12 September 2013

Cucumber abundance –> dill pickles

Our garden has produced a lot of courgettes / zucchini this year, but it produced even more cucumbers. We didn't know what to do with them all. Cold cucumber-yogurt soup was good, as was sliced cucumber salad in either a yogurt or vinaigrette dressing.

Pickled cucumber spears in vinegar with spices and herbs

But the cukes kept coming. Actually, we had a plan. We wanted to make American-style dill pickles. We had even planted some dill out in the garden for that purpose. So I looked for recipes and came up with several for dill pickle spears. Our cukes grew large, so splitting them into either spears or disks seemed to make the most sense.

The first step in making pickles is to salt the cukes down for 24 hours or so to let them disgorge some of the water they contain. I hope I put in the right amount of salt, and I think I did because I tasted the cukes after their salt cure and they were good.

The cukes after their salt cure, waiting to be packed into jars

Then I boiled up a sufficient quantity of vinegar with different spices and herbs — mustard and coriander seeds, dried dill leaves, allspice berries, black peppercorns, bay leaves, etc. — improvising all the way. When that liquid cooled, I tasted it too, to decide if it was right. It seemed pretty good.

We ended up making nine — count'em, 9 — liters (quarts) of dill pickles. In one batch, I just used distilled vinegar (vinaigre blanc in France) and spices. In the other batch, I added white wine to the vinegar to soften and sweeten it slightly. I read about doing that somewhere, and it said to use about one measure of wine for two measures of vinegar to cut the acidity of the liquid. Some people would put sugar in the pickling liquid, but I didn't.

The salt-cured spears before I poured hot vinegar over them to fill the jars

We hope these are going to be good pickles. On the advice of a friend in Illinois who has a lot more experience with pickle-making and canning than I have (thanks, Harriett), I processed the filled jars in a boiling-water bath for 10 minutes to sterilize and seal them. We haven't opened a jar to taste them yet. The recipes said to wait a month or even two before opening the first jar, and that time is now approaching. The proof of the pickle will be in the October eating.


  1. I think you've just solved the problem of our last...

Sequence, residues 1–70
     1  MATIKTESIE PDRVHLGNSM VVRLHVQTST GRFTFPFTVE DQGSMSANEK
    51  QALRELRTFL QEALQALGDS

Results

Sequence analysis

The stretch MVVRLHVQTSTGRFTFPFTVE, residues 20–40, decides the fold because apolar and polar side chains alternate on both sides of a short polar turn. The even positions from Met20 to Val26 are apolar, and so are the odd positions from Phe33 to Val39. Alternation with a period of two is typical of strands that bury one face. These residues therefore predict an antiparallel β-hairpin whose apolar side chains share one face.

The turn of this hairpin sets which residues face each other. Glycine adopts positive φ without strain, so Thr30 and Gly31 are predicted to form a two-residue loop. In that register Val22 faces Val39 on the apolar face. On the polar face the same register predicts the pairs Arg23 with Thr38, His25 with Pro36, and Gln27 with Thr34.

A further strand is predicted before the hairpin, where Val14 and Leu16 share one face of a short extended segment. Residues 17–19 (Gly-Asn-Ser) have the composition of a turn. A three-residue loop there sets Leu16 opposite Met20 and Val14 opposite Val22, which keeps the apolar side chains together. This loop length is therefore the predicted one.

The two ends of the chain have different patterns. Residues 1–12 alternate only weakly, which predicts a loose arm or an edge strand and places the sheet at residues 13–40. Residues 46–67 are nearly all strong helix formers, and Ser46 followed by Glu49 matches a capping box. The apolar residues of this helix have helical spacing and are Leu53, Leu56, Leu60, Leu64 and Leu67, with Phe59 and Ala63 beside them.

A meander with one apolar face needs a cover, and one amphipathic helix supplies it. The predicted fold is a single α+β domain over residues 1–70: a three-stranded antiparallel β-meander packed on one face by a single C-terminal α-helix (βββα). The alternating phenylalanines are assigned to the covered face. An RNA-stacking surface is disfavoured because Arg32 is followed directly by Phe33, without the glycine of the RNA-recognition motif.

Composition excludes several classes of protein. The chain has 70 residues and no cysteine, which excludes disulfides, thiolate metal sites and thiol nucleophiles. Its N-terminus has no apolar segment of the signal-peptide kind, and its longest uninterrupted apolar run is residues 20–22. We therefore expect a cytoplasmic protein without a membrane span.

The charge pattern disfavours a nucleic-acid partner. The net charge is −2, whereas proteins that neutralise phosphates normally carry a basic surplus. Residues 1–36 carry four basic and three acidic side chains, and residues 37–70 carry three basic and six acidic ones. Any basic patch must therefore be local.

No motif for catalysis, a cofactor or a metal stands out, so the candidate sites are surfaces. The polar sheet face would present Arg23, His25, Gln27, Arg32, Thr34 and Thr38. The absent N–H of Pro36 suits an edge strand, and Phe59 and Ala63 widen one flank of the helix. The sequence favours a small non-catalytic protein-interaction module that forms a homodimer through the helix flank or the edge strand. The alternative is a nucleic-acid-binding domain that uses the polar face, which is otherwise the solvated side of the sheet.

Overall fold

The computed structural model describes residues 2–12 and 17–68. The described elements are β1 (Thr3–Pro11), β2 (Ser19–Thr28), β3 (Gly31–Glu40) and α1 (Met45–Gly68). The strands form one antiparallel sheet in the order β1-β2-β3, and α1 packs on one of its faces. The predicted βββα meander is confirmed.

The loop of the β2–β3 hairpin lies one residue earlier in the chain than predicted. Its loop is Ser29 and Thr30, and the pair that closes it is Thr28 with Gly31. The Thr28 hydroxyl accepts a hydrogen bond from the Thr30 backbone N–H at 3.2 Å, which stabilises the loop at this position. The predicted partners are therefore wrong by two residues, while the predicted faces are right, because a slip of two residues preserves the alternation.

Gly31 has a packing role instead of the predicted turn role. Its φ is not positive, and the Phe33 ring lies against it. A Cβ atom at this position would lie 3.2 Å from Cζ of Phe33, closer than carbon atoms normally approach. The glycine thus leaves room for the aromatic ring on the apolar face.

for the moment...
    Thanks Ken!!

  2. I may have to try these the next time cucumbers are on sale.
    They look so tasty and ready to eat. I love pickles.

  3. Wow! I'd love to taste these pickle slices. You two are such fun! I love following your cooking adventures, especially when you're using your garden goodies.

  4. You are so lucky! I gave up trying to grow cucumbers years ago because of those awful black and yellow striped beetles that spread wilt amount them.

    What proportion of vinegar to water do you use?

  5. I have been reading your blog for a long time. I have an easy recipe that everyone loves. Slice cucumber, red onion, and hot peppers. Make a mixture of one part sugar, one part apple cider vinegar, and two parts water. Pour over the mixture. Can be refrigerated for several weeks. If I have extra tomatoes, I add to the mixture. No cooking anything. The cucumber stays crunchy.

  6. Kristi, I used pure vinegar in the first batch of pickles I made. Then in the second batch I used 1/3 white wine and 2/3 vinegar. We'll see what the result is. Nothing much lost if it doesn't all work out.

    Judy and Virginia, in another few weeks we'll see what the spears actually taste like.

    PJ, I'll have to try that next time I make pickles. I've made them with hot peppers (cayennes) before but they were very spicy -- too spicy.

  7. looks terrific! i grew exactly ONE cuke this year. :-( but in the good news department... i made your classic Lyonnaise salad for lunch. it was terrific. thanks so much for sharing your meals - so many great ideas!

  8. That's a great idea and you will enjoy your cukes for a while to come!


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